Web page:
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THE particular circumstances recorded in the evangelical history relative to these two grand events, like those connected with the resurrection of Lazarus, in the preceding miracle, are so numerous and so important, that it would require a volume to give an explanation of each distinctly. It is therefore thought proper, as in the foregoing miracle, to make a selection of the more distinguished parts, which enter into the composition of the above histories, and it is hoped that a satisfactory explanation of them will be found in the following questions and answers.
Q. Are you quite correct, when you rank the resurrection and ascension of the blessed Jesus under the class of miracles which He worked?
A. Yes; for no one can doubt but that each of those events required a supernatural agency for its accomplishment, consequently that it was miraculous; and it is alike evident that each event was worked by Jesus Christ Himself, and not by any other being, since He Himself declares concerning His resurrection, I lay down my life that I might take it again. No man takes it from Me, but I lay it down of Myself. I have power to lay it down, and I have power to take it again, (John 10:17,18); and again, Destroy this temple, and in three days I will raise it up. But He spoke of the temple of His body, (John 2:19, 21). It is manifest, therefore, from these words, that the blessed Jesus rose again from the dead by His own divine energy, or by virtue of the divinity within Himself, and not only so, but that of Himself He laid down His life, and that consequently the Jews had no power to crucify Him but what He gave them. And as we are thus constrained by the testimony of Jesus Christ to assert, that He raised Himself from the dead by His own divine energy, so are we constrained in like manner to refer His ascension to the same source of omnipotence, and thus, to insist, that no other power but His own was instrumental in effecting it.
Q. What do you conceive to be the evidence, on which the grand facts of the resurrection and ascension of the blessed Jesus rest, and by which they are supported?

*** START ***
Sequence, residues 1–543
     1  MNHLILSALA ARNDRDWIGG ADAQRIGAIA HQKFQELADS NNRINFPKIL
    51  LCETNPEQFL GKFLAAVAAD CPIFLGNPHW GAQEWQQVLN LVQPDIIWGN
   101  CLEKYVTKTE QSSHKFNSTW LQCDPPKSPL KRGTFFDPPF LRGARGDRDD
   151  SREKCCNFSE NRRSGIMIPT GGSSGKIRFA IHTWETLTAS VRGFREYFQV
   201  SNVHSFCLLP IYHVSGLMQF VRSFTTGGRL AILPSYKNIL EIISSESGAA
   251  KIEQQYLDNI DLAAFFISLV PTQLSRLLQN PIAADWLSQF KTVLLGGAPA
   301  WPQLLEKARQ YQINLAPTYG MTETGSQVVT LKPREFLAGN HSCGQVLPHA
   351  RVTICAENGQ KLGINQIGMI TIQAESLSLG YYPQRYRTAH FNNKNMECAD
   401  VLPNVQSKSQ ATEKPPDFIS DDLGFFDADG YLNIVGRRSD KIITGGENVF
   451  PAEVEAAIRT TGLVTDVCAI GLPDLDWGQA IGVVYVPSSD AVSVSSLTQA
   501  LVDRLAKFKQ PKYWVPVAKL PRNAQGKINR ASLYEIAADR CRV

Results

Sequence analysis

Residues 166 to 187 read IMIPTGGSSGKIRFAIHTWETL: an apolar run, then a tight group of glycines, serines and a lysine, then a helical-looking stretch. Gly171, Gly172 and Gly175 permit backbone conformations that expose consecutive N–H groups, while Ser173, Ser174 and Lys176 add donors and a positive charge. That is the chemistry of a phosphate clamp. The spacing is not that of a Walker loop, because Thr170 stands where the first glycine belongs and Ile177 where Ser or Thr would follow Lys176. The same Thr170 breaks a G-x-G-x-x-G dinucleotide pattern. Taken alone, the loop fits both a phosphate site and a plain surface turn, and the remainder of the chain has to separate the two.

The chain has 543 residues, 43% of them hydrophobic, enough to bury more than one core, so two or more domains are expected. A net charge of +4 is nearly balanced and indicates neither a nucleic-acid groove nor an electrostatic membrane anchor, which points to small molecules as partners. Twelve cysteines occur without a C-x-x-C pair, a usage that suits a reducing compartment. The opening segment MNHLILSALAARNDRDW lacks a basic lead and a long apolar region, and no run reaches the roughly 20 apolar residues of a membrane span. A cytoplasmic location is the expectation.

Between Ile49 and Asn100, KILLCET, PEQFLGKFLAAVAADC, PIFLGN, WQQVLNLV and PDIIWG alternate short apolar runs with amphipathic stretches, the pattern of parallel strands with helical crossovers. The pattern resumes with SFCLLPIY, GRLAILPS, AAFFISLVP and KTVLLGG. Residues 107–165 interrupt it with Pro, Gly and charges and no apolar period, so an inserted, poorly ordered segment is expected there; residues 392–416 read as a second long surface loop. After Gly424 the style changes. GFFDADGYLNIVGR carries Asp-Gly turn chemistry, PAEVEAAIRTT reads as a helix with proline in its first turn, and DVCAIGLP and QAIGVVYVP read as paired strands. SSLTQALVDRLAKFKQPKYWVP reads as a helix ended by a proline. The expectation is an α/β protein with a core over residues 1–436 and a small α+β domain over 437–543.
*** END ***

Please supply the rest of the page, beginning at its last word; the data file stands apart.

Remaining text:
A. The evidence in favour of both these facts is as strong and conclusive, or more so, than that by which any other historical fact whatever is established; for it is an evidence grounded in prophecy, and confirmed by the senses of a great number of witnesses. That it is grounded in prophecy, is manifest from all those various passages in the sacred Scriptures, in which the facts to which it relates are predicted; and that it was confirmed by the senses of a multitude of witnesses, is alike evident from every part of the gospel history in which those facts are recorded-. Thus the blessed Jesus, after His resurrection, was first seen by some pious women, next by some of His apostles, afterwards by them all, and lastly, as St. Paul testifies, by five hundred brethren at once. He did also eat and converse with many of His disciples; and His resurrection was further confirmed by the vision and voice of angelic beings. (See Matt. 28:2-8. Mark 16:5. Luke 24:4-8). There cannot therefore remain a single doubt in the well-disposed mind, respecting the undeniable evidence by which the above facts are supported, and on which they rest.
Q. Is it to be supposed that the blessed Jesus rose from the grave with His whole body complete, or, as some conceive, that its material part was dissipated in the tomb, and that thus He rose merely in a spiritual body, such as the angels have?
A. It is to be supposed that He rose with His whole body complete, and that He left nothing behind Him in the sepulchre, consequently that the material body was not dissipated, but glorified; and this idea seems confirmed by His own words to His disciples after His resurrection. For when, on this occasion, they were terrified and affrighted, and supposed that they had seen a spirit, He said to them, Why are you troubled, and why do thoughts arise in your hearts? Behold my hands and my feet, that it is I myself; handle me and see, for a spirit has not flesh and bones as you see me have. And when He had thus spoken, He showed them His hands and His feet, (Luke 24:37-41). It is evident, therefore, that the blessed Jesus rose from the grave with the same identical body of flesh and bones, which had been laid in the grave, and which might still be handled and seen, consequently that His resurrection-body was not mere spirit, for He says, a spirit hath not flesh and bones as you see me have; and this idea is further confirmed by what He says to Thomas on the occasion, Reach here your finger, and behold My hands, and reach here your hand and thrust it into my side, and be not faithless but believing, (John 20:27), from which words it is manifest that the hands and the side of the lord's resurrection-body were still the same, and in the same perforated state, as when the body was deposited in the tomb.